I think whoever said that missed the Industrial Revolution. As I already pointed out, it effected a quantum change in the nature of greed. In the old days to be greedy was to want to take your neighbor's necessities so he might die. In the Industrial Era it is to want more luxuries than he has, by taking his or somebody else's; for which nobody will die. But... also by simply becoming a more productive worker or a more clever inventor or a more skillful manager so there are more luxuries to be had and your reward as their creator will be disproportionately large but everyone will share.

Industrialization, and its offshoot of capitalism, have made greed something it never was before: potentially respectable.

This is one of the many reasons we use the term Paradigm Shift to describe a fundamental change in the way humans live. Not only do 99% of us no longer have to work 100-hour weeks producing food largely by our own musclepower, not only do we now all know how to read and write, not only do we now have friends on the other side of the planet, making war increasingly distasteful and unlikely, but now we can be greedy without feeling naughty.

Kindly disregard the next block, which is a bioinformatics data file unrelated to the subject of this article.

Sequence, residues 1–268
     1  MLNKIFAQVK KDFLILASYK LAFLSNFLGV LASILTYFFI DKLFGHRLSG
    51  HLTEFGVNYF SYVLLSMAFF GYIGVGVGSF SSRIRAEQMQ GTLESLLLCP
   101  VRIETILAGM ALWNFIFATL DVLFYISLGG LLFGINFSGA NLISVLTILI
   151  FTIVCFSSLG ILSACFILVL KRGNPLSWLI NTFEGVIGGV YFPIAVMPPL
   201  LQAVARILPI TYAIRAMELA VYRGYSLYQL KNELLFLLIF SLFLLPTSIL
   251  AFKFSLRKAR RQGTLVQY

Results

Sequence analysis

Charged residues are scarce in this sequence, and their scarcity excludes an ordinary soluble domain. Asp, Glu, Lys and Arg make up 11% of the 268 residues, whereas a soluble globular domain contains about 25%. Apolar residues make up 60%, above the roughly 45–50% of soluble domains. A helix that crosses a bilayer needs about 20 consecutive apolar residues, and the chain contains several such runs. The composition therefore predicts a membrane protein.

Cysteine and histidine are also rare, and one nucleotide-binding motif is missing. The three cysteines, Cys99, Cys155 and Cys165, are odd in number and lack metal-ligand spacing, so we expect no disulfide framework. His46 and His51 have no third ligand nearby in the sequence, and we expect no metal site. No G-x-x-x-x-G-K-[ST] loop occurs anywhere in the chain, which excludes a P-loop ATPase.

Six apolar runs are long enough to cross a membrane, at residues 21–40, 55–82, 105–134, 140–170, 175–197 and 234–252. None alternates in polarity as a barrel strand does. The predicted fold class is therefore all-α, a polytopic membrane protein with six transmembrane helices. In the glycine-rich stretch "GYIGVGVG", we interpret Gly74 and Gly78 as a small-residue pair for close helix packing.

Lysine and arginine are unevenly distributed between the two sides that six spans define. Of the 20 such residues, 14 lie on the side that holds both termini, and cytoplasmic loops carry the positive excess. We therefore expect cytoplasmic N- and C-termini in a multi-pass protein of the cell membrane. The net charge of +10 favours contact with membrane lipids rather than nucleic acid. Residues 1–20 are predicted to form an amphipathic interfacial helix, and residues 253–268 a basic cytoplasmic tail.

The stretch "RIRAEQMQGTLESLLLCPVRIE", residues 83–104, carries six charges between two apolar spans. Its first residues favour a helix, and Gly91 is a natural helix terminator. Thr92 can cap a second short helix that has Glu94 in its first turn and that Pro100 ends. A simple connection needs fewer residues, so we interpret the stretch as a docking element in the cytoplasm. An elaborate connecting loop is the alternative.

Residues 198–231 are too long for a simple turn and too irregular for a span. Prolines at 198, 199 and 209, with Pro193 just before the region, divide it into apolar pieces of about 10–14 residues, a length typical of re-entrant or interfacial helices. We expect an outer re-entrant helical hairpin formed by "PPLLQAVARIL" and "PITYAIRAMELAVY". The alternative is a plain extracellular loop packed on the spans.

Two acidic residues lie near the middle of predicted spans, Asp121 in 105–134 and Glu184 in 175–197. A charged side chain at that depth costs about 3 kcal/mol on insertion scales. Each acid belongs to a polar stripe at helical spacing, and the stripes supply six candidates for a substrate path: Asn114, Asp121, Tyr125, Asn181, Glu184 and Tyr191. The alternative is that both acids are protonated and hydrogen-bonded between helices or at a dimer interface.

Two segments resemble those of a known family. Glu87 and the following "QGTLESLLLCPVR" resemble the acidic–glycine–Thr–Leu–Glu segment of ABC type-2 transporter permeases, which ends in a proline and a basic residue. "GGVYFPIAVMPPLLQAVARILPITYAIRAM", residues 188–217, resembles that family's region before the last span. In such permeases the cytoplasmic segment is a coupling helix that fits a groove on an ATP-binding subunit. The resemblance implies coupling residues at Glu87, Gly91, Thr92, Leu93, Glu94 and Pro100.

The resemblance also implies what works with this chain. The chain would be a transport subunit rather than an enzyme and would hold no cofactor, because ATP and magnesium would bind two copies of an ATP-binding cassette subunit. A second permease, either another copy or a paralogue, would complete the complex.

Myriad examples buzz about, but I have yet to seize one and track through its history, such as why a sexual partner might believe without evidence that the other is cheating. . . .
Because his or her parent cheated on the other so it seems like a normal situation, or because her partner happens to act like the cheater in a movie that she greatly enjoyed and therefore internalized, or (and this is arguably the most common reason) because he himself harbors thoughts of cheating so he assumes that everybody does and is simply waiting for the opportunity to get away with it.
Meanwhile, it would be easy enough to simply assert that people believe in gods in order to answer a question that, itself, defies expression.
It doesn't defy expression any more. So why do they still do it?
One must find the reason someone kills a queer.
Most men are "homophobic" in the literal sense of the word: We fear sexual activity with another man.

I lived in Hollywood for ten years and discovered that where gay men can form a community and develop a culture, they pool their senses and experiences and find subtle ways of determining whether a guy is straight or gay from the most casual observation. I was never once hit on by a gay man in Hollywood, but I have been in other places where the gay man in question was probably the only one within a mile. Back on topic, spending ten years surrounded by gay guys and never being "attacked" by one rinsed the homophobia out of me. Most men never have this epiphany. To avoid the risk of being hit on by homosexuals (which because of homophobia is exaggerated into feeling "attacked), they kill them.